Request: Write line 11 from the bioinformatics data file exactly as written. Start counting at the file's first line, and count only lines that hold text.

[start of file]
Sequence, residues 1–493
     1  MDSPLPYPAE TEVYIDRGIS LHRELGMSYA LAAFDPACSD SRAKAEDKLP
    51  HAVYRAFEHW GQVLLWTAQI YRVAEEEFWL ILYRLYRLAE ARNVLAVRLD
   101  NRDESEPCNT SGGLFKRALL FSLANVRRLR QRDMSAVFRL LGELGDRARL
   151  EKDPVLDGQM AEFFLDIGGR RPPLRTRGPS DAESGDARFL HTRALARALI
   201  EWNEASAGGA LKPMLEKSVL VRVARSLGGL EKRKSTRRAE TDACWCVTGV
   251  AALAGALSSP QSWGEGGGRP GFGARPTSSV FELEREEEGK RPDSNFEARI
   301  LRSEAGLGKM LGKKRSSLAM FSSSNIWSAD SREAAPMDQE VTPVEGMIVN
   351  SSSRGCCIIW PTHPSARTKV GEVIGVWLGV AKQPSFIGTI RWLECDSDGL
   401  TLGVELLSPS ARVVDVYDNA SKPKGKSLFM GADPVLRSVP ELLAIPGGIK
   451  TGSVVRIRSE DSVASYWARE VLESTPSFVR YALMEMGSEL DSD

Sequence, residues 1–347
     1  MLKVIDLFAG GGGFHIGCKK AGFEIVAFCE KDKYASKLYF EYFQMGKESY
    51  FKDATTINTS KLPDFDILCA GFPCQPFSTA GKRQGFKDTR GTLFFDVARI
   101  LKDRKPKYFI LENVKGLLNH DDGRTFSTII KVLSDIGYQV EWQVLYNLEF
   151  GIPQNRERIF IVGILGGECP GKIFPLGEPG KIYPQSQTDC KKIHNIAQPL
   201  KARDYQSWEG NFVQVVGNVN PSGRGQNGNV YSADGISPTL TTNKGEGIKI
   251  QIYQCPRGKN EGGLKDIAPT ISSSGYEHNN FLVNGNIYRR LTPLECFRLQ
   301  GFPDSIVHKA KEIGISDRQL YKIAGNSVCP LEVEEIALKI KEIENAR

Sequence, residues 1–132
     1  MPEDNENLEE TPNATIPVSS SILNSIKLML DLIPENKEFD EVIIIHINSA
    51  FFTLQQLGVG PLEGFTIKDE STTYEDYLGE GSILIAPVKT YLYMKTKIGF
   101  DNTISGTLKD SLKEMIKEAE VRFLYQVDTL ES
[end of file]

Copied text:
   451  TGSVVRIRSE DSVASYWARE VLESTPSFVR YALMEMGSEL DSD